Annotated Code of Maryland (Md. Code)
Note—The code is not available at any official web site (except for the legislature’s on-line version, which is hardly usable; it is linked under Additional Resources below), but a version provided by LexisNexis is available.
Annotated Code of Maryland [Md. Legislature] — This is a peculiar database, very hard to use. Annotations are not provided in this internet version.
Ordinances are local laws, commonly organized into codes, that have been enacted by municipalities — cities, towns, etc. — and counties. Charters are organic laws (similar in function to a constitution) of those local government entities for which “home rule” is authorized by state law. For local laws not found through the links given here, try the county web sites and municipality web sites at “State and Local Government on the Net” by Piper Resources, or a publisher’s web site:
Bankruptcy Law and Procedures for Maryland Residents [Calicchia & Kinast LLP (Ohio)] — This web site, presented by a Cleveland bankruptcy law firm, covers basic information about the bankruptcy process, describes debt consolidation and credit counseling as alternatives to bankruptcy, lists the property that an individual is allowed to keep (with citations to governing provisions of Maryland law), and gives information about the bankruptcy courts and how to contact bankruptcy attorneys in Maryland.
Maryland Volunteer Lawyers Service This service matches experienced lawyers with low-income individuals who need legal help on personal matters in civil cases (not criminal cases). There is no charge for legal services for individuals who meet income-eligibility requirements.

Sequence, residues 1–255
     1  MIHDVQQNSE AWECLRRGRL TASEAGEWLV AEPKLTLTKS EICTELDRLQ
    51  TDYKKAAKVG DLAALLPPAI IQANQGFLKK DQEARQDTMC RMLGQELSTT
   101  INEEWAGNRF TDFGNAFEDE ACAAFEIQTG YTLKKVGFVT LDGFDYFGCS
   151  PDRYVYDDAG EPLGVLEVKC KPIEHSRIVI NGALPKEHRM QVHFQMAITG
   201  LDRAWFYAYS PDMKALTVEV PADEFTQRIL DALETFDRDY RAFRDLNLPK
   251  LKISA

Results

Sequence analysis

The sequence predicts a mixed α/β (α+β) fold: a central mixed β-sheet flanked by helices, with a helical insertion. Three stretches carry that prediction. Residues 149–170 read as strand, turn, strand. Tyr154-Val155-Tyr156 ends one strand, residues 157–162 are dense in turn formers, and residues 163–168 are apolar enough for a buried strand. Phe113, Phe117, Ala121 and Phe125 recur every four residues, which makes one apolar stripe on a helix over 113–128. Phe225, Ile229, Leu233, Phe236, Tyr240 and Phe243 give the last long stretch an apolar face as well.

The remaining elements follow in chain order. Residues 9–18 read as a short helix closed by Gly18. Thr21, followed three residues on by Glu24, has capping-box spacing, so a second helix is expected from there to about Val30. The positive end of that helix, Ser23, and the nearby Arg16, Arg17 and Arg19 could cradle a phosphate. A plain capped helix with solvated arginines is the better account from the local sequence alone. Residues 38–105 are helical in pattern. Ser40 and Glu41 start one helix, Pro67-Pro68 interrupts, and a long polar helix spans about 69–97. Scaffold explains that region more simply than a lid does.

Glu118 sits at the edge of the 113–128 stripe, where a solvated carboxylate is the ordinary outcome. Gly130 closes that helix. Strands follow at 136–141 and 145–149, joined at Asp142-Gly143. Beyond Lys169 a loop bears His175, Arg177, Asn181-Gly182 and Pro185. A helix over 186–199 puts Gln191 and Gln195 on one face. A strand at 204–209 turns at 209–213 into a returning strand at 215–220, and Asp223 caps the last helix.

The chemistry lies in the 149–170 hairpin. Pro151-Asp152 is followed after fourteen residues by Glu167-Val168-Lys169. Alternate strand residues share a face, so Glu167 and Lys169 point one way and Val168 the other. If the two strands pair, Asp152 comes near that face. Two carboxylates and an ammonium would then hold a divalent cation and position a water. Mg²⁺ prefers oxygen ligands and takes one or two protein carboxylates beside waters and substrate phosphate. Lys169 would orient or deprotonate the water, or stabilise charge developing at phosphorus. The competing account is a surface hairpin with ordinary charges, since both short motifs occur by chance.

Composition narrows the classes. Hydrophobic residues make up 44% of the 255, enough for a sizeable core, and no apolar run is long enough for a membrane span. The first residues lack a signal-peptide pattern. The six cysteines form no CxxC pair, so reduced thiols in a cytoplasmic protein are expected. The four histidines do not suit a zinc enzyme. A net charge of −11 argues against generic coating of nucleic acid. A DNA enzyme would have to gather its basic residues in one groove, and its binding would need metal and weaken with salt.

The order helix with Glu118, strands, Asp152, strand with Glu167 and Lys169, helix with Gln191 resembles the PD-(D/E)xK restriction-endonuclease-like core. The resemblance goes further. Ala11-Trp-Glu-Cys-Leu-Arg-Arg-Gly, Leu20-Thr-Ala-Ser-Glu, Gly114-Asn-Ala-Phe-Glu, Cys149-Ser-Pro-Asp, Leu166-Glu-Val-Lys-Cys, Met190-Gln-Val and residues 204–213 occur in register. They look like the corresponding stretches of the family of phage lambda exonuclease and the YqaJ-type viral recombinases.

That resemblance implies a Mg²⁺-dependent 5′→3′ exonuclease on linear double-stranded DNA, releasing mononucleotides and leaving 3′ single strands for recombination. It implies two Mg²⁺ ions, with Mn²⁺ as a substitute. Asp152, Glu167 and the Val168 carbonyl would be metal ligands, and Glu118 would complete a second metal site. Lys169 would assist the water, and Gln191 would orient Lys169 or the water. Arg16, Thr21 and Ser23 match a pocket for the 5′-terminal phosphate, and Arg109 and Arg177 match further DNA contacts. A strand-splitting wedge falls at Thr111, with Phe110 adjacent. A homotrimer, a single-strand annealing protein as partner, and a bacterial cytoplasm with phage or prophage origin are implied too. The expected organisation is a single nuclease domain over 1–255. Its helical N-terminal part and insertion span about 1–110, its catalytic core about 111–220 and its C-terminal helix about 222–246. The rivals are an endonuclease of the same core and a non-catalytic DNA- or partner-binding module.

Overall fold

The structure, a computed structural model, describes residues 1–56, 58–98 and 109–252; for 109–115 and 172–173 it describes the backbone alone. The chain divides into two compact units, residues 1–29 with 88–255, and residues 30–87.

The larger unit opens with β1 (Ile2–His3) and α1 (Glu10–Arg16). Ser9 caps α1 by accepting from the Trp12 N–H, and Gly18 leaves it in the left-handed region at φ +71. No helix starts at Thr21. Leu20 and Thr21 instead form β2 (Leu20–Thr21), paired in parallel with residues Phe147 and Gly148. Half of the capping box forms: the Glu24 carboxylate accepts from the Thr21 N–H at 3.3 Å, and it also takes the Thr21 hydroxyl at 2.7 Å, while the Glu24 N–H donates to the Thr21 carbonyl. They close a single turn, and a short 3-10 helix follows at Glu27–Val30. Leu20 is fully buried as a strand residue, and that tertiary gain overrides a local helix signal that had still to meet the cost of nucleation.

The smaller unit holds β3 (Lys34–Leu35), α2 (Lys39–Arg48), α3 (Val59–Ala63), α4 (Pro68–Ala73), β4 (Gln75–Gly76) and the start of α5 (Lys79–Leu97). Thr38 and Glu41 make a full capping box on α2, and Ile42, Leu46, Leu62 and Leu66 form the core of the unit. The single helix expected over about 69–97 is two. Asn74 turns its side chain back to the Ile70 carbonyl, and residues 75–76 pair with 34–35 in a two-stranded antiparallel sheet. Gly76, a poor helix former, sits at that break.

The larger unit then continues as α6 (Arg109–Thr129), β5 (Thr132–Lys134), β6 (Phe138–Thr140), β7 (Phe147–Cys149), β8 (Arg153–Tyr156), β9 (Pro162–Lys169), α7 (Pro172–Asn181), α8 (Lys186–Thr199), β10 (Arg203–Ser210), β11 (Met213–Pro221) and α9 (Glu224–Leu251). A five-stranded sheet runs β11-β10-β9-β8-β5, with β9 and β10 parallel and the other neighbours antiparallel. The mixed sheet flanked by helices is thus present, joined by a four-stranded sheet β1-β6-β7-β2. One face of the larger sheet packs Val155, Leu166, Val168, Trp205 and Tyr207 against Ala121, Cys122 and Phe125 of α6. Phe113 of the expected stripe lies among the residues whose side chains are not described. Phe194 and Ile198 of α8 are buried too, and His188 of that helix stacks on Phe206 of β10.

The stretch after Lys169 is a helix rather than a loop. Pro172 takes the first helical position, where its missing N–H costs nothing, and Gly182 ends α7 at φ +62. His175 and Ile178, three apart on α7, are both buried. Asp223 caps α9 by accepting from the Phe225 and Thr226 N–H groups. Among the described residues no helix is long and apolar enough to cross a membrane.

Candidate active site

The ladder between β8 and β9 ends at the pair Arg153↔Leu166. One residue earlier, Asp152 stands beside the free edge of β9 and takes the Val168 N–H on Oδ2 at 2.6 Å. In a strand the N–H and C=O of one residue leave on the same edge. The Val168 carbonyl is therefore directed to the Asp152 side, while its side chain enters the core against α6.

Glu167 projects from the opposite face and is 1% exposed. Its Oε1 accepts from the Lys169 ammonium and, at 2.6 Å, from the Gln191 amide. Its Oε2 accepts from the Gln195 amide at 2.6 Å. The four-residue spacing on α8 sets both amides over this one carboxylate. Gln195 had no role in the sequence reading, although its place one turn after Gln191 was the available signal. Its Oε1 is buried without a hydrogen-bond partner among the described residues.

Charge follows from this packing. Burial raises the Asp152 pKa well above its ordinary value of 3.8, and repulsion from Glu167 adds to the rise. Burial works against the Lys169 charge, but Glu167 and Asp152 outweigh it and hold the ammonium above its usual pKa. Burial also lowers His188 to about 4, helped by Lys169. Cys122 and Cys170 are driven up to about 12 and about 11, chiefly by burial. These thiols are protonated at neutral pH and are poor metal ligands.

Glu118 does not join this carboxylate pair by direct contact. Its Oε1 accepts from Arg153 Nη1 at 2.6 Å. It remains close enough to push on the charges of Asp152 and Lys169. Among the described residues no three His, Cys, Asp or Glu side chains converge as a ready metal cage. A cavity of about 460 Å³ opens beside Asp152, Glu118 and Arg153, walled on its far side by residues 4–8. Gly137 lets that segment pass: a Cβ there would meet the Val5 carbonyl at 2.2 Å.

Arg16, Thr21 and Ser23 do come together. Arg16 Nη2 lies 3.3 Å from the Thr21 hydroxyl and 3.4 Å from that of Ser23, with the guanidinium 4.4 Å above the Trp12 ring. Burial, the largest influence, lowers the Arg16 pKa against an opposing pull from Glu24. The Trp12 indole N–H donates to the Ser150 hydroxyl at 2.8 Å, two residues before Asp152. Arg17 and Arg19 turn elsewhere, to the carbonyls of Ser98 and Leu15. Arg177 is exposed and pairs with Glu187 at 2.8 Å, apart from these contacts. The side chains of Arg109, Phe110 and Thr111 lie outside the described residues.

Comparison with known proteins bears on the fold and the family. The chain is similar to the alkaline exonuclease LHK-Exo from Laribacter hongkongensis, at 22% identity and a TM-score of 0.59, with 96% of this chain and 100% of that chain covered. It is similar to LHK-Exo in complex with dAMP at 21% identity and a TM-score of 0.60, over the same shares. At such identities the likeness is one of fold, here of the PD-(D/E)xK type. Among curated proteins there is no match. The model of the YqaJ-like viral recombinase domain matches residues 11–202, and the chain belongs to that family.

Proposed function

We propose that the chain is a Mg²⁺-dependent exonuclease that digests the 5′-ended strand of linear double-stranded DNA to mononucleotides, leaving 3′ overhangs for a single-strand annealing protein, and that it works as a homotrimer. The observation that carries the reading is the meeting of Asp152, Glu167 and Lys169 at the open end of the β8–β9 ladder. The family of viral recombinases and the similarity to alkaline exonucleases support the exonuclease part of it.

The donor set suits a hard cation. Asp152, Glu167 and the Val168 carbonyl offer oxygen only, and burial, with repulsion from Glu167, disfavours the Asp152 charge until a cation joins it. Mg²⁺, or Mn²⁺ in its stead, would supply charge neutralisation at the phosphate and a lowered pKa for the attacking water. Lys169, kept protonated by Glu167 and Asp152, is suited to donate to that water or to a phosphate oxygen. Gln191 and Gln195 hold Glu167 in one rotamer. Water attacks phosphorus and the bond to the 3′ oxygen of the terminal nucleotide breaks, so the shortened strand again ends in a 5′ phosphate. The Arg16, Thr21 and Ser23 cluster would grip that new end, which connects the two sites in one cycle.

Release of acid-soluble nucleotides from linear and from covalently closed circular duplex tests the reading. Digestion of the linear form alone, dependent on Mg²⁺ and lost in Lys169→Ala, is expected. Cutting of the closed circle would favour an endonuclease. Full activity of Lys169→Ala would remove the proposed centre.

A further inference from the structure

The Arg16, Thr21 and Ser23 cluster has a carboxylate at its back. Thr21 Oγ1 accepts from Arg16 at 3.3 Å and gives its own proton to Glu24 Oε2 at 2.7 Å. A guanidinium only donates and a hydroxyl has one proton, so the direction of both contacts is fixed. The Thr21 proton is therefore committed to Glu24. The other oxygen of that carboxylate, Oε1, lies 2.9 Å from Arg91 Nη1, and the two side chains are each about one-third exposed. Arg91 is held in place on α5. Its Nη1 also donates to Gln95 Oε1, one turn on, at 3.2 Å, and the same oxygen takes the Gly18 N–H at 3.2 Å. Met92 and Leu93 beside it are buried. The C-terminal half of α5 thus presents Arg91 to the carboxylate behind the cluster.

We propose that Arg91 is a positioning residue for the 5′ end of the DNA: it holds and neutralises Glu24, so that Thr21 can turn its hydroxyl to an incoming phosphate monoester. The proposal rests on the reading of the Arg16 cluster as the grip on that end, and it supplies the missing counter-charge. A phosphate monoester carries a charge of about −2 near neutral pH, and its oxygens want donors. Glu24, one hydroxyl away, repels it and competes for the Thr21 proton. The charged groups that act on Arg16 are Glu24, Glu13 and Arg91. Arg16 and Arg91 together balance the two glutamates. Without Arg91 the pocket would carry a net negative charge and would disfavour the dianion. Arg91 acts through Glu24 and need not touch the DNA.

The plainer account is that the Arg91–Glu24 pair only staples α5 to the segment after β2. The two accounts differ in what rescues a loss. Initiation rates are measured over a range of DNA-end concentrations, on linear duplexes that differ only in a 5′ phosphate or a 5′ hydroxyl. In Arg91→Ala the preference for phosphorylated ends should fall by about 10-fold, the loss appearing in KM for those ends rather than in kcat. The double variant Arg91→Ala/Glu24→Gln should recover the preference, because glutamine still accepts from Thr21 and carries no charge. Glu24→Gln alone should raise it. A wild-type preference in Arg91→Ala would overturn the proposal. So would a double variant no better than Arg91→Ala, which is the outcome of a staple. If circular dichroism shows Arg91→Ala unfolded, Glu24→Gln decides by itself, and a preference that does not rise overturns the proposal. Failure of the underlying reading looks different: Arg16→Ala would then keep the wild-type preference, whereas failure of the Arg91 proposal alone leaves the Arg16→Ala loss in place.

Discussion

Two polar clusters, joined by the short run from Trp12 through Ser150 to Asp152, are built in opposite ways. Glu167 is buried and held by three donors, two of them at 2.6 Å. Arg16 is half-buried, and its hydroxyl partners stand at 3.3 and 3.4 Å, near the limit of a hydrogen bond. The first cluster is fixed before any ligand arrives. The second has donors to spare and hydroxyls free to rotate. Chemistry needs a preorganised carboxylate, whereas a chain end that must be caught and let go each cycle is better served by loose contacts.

Peoples Law Library of Maryland [Maryland State Law Library] — This is “a legal information and self-help website maintained by the Maryland State Law Library, a court-related agency of the Maryland Judiciary, and supported by Maryland’s non-profit legal services providers.” This site provides “provides information on Maryland and Federal law affecting low- and moderate-income Marylanders and their families. The public can find help using this site at outreach centers and law libraries throughout the state.” The site includes a page titled “How Do I Evaluate My Situation.”
WomensLaw.org — Sources of Legal Help [WomensLaw.org (N.Y.)] — Sources of legal help (not limited to legal help for women) include statewide domestic-violence resources, local domestic-violence resources listed by city or town, free or low-cost legal services, and lawyer referral services.
“The essence of legal research in two words . . . see ALSO!”